bigger, louder, further removed from reality &

but it also feels that much more forced. (2:11) PG for some violence and action.

"No Country for Old Men" &

With this intense, nihilistic thriller, the Coen brothers drop the mask. They've put violence on screen before, lots of it, but not like this. Not anything like this. The story of stolen drug money and the horrific carnage it precipitates, "No Country for Old Men" doesn't celebrate or smile at violence, it despairs of it, despairs of its randomness, pervasiveness and inescapability, of the way it eats at the soul of society and the individuals in it. It's all topped off by superb performances by Tommy Lee Jones, Javier Bardem and the star of the show, Josh Brolin. (2:02) R for strong graphic violence and some language.

"The Perfect Holiday" &

Gabrielle Union stars as a single mom whose attempt at romance with a struggling songwriter/part-time mall Santa (Morris Chestnut) is undercut by the meddling of her three children hoping for a reunion with their rap-mogul father, J-Jizzy (Charles Q. Murphy). Narrated by Queen Latifah. Directed by Lance Rivera. PG for brief language and some suggestive humor.

"Protagonist" &

Jessica Yu's documentary uses case studies of four men &

a German terrorist, a bank robber, an "ex-gay" evangelist and a martial arts student &

and a Greek chorus of puppets to reveal the often tragic consequences of trying to construct one's own personal narrative. R for language.

"P.S. I Love You" &

A young widow gets some unexpected assistance in coping with her husband's untimely death. With Hilary Swank, Gerard Butler, Gina Gershon and Lisa Kudrow. Written by Richard LaGravenese and Steven Rogers, based upon the novel by Cecelia Ahern. Directed by LaGravenese. PG-13 for sexual references and brief nudity.

"Sweeney Todd: The Demon Barber of Fleet Street" &

Director Tim Burton and Johnny Depp team for the sixth time in an adaptation of the Stephen Sondheim-Hugh Wheeler musical about a murderous London barber. R for graphic bloody violence.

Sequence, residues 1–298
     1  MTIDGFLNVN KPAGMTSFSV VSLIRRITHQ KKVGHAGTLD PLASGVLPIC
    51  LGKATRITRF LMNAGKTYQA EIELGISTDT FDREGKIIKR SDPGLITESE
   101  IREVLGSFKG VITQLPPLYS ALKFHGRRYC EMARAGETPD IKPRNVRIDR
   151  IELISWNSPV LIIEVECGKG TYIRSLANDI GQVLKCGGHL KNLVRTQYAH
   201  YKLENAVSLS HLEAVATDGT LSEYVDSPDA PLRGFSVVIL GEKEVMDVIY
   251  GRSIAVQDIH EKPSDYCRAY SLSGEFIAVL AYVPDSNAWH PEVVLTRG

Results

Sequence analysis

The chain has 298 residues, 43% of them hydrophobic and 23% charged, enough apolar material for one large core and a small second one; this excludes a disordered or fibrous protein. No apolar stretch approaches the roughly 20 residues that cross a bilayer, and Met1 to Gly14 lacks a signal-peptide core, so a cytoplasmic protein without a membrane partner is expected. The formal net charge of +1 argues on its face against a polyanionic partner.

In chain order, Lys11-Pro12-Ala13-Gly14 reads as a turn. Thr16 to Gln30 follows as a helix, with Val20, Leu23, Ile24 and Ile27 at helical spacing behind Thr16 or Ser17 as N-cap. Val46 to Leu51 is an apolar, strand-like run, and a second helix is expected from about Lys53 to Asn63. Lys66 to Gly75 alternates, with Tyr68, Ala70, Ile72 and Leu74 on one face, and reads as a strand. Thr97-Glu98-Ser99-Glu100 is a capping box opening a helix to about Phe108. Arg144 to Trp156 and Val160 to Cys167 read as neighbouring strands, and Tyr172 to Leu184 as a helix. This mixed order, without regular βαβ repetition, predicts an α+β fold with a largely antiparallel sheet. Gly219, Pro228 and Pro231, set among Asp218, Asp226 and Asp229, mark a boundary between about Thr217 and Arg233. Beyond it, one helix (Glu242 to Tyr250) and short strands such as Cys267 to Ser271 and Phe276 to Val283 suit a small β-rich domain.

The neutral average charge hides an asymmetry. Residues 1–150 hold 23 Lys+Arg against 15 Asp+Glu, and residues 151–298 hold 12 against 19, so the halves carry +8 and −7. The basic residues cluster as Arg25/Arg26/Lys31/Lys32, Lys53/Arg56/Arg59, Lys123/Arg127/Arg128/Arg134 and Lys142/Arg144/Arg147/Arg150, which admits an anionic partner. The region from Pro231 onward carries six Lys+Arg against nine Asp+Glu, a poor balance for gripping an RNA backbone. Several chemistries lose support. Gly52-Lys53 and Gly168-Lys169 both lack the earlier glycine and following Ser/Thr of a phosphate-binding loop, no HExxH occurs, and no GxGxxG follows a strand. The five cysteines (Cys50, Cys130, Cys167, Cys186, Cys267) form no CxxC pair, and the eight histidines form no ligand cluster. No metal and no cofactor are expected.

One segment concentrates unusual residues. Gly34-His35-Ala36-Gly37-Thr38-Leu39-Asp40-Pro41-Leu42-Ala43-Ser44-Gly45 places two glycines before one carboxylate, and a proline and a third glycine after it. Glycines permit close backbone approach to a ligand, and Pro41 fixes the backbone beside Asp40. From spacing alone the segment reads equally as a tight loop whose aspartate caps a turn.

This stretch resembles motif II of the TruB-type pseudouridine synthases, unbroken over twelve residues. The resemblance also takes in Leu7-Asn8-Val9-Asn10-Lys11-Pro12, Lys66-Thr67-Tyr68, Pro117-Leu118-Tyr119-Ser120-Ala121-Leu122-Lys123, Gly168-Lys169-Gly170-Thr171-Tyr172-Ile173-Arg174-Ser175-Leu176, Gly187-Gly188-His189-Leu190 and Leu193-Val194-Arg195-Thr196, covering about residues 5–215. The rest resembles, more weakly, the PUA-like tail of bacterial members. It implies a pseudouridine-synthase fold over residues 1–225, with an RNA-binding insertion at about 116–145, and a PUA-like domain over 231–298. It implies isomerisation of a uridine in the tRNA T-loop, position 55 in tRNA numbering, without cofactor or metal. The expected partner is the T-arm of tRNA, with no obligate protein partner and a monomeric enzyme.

"There Will Be Blood" &

This joint venture between actor Daniel Day-Lewis and director Paul Thomas Anderson might be the most incendiary combination since the Molotov cocktail. This morality play set in the early days of California's oil boom can be over the top and excessive, but it also creates considerable heat and light. (2:39) R for some violence.

"This Christmas" &

A family reunites for the holidays for the first time in seven years and attempts to mend past differences. With Delroy Lindo, Loretta Devine and Regina King. Written and directed by Preston A. Whitmore II.

"Walk Hard: The Dewey Cox Story" &

This gleefully jaundiced skewering of American popular music in general and biopics such as "Walk the Line" and "Ray" in particular knows that humor comes from both loving your source material and knowing it inside out. The film also benefits from being written for the exceptional John C. Reilly, one of the few serious dramatic actors who has a true gift for comedy. And he can sing too &

15 monumental spoofs, as clever as they are melodic, that cover the musical waterfront from rockabilly to punk and include one last riff after the final credits roll. (1:36) R for sexual content, graphic nudity, drug use and language.

"The Water Horse: Legend of the Deep" &

This enchanting tale of friendship and evolving relationships engagingly grafts coming-of-age movie chestnuts onto a Scottish folk tale. Though most of the narrative won't surprise anyone who has seen "E.T. The Extraterrestrial" or numerous similar stories, director Jay Russell and screenwriter Robert Nelson Jacobs create a realistic world where the fantastical is credible. Alex Etel and Emily Watson star. (1:51) PG for some action/peril, mild language and brief smoking.

"Youth Without Youth" &

Francis Ford Coppola's first film in a decade is the tale of a college professor who undergoes a mysterious transformation in the days before World War II. Based on a novella by Romanian comparative religion scholar Mircea Eliade, "Youth Without Youth" is not only gorgeously shot by Mihai Malaimare, Jr. but impressively far-flung. The movie goes from Romania to Switzerland, Italy to India to the Mediterranean and across three decades seemingly effortlessly. But it is hard to keep generating interest in each new story thread and esoteric theory. Ultimately, this film is more intriguing than it is satisfying. It hooks you, then lets you flounder. (2:04) R for some sexuality, nudity and a brief disturbing image.